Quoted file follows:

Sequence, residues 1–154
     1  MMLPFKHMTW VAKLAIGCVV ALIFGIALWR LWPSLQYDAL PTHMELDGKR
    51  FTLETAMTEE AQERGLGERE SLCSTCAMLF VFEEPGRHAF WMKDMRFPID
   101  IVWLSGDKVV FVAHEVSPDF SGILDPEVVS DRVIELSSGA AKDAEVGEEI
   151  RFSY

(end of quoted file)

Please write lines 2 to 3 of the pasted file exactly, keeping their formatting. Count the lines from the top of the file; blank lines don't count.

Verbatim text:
     1  MMLPFKHMTW VAKLAIGCVV ALIFGIALWR LWPSLQYDAL PTHMELDGKR
    51  FTLETAMTEE AQERGLGERE SLCSTCAMLF VFEEPGRHAF WMKDMRFPID